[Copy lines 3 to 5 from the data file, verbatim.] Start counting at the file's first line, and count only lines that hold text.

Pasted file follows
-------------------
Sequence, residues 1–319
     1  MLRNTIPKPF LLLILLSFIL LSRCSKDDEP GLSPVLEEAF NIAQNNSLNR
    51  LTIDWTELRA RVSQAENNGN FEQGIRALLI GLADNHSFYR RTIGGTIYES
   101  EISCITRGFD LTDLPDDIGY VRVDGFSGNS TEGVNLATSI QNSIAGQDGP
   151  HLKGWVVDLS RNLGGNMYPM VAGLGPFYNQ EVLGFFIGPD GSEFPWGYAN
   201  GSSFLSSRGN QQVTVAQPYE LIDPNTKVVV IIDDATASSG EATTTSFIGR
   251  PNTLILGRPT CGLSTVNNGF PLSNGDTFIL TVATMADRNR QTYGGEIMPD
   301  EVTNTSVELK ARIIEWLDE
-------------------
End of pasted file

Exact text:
    51  LTIDWTELRA RVSQAENNGN FEQGIRALLI GLADNHSFYR RTIGGTIYES
   101  EISCITRGFD LTDLPDDIGY VRVDGFSGNS TEGVNLATSI QNSIAGQDGP
   151  HLKGWVVDLS RNLGGNMYPM VAGLGPFYNQ EVLGFFIGPD GSEFPWGYAN